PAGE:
Category Archives: Finnish grammar

Are the endings with -ä and -a both correct?

A client asked: “why there is one occurrence of “sta” and one occurrence of “stä” in the phrases below? Are both correct?

  • voi esiintyä useammalla kuin 1 potilaalla 10:stä
  • voi esiintyä enintään 1 potilaalla 100:sta

My quick answer (without long grammatical explanations):

-stä and -sta are both correct in their respective places. The reason:  the vowel used in the ending depends on the vovels present in the beginning of the word. This phenomenon  is called “vowel harmony“.

100 = sata -> sadasta
10 = kymmenen -> kymmenestä
1 = yksi -> yhdestä
1000 = tuhat -> tuhannesta

A certain vowel combination requires -ä, another vowel combination requires -a.

There are some foreign words where both endings can be used, e.g. analyysi; ‘analyysistä’ and ‘analyysista’ are both ok. But this is rare.

 

Months in Finnish (and how to write the date)

The months in Finnish are the following (English names in brackets):

  • tammikuu (January)
  • helmikuu (February)
  • maaliskuu (March)
  • huhtikuu (April)
  • toukokuu (May)
  • kesäkuu (June)
  • heinäkuu (July)
  • elokuu (August)
  • syyskuu (September)
  • lokakuu (October)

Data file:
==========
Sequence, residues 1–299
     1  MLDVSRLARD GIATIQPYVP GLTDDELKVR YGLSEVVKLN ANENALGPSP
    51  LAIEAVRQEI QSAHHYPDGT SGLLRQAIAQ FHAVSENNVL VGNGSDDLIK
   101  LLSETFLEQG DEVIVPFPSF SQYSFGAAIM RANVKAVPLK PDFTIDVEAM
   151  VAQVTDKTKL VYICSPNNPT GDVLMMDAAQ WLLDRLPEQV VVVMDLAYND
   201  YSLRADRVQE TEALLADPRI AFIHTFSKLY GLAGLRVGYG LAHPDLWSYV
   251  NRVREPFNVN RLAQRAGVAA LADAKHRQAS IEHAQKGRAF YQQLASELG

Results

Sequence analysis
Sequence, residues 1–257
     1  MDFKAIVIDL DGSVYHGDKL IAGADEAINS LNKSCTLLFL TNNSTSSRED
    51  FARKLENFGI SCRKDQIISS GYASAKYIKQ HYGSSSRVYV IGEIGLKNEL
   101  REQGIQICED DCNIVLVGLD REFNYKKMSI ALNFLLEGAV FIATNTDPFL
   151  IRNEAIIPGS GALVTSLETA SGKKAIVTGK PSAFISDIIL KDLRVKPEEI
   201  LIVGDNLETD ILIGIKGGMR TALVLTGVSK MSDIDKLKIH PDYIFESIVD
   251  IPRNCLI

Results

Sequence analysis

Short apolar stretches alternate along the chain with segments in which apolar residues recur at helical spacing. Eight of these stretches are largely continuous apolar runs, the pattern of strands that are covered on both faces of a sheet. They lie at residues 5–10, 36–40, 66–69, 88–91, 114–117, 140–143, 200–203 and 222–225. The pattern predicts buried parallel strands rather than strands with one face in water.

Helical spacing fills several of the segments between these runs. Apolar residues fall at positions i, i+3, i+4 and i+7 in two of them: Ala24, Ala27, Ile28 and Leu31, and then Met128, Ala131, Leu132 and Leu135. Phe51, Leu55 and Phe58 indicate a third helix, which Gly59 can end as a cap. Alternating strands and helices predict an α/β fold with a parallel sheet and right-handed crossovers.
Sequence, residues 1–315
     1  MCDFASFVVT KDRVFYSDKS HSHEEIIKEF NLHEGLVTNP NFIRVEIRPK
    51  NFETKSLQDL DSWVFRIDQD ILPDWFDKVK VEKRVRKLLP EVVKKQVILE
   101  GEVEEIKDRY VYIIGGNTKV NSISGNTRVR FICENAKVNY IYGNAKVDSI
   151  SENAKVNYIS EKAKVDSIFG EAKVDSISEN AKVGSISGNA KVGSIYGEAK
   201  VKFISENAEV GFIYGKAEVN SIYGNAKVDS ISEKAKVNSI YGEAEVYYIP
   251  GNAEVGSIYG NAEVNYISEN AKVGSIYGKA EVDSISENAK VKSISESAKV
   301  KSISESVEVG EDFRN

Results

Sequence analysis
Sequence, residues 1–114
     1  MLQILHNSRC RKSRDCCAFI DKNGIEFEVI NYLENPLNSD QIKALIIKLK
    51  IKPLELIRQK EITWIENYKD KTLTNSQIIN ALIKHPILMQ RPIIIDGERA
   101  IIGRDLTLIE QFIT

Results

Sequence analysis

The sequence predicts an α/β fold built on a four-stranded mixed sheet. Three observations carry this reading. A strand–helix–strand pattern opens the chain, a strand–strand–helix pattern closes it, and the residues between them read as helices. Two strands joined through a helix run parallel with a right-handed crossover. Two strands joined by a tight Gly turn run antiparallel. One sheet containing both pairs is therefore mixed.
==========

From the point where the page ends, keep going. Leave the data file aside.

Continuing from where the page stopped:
• marraskuu (November)
  • joulukuu (December).

The date is normally expressed in the following ways:

  • 6.12.2015 = 6. joulukuuta 2015
  • 29.11.1962 = 29. marraskuuta 1962
  • 15.6.2016 = 15. kesäkuuta 2016

Please note that in the date expression where the month name is written out, there is a full stop after the number indicating the day,  and the ending ‘- ta’ must be added to the month name.

Shortening of the month names is done by dropping  the “kuu” part out of the word (kuu =month):  tammi, helmi, maalis etc.

In Finnish texts, dates are commonly written with numbers only:  3.1.2015. In more solemn texts, month names are used: 3. tammikuuta 2015.

In the Finnish templates, e.g. QRD template version 10.1 , SPC sections 9 and 10 (see below),  the expression ‘PP kuukausi VVVV’ is not correct – the date must be expressed PP. kuukautta VVVV. 

  1. MYYNTILUVAN MYÖNTÄMISPÄIVÄMÄÄRÄ/UUDISTAMISPÄIVÄMÄÄRÄ

<Myyntiluvan myöntämisen päivämäärä: {PP kuukausi VVVV}>(My note: the spelling of the date is wrong)

<Viimeisimmän uudistamisen päivämäärä: {PP kuukausi VVVV}> (My note: the spelling of the date is wrong)

  1. TEKSTIN MUUTTAMISPÄIVÄMÄÄRÄ

{KK/VVVV}>

<{PP.KK.VVVV}>

<{PP kuukausi VVVV}> (My note: the spelling of the date is wrong)

———————————

Month names can have other endings, too (e.g. in July = heinäkuussa),  so if you have to insert a month name in Finnish in the text but you don’t know Finnish, it is wise to ask a person who knows Finnish to check your insertion.

 

“Ohjeet antamisesta”, “ohjeet antamiseen or “antamisohjeet”?”

I often see the following type of translation in SPCs:

Comprehensive instructions for administration are given in the package leaflet, section 7, “Instructions for use”

Yksityiskohtaiset ohjeet XYZ-valmisteen antamisesta löytyvät pakkausselosteesta kohdasta 7, ”Käyttöohjeet”.

But one should translate “instructions for administration” using the structure “ohjeet antamiseen” or “antamisohjeet”. Think about “Instructions for making coffee”. In idiomatic Finnish. one doesn’t say “Ohjeet kahvin keittämisestä” but either “Kahvin keittämisohjeet” or “Ohjeet kahvin keittämiseen”. Do you agree?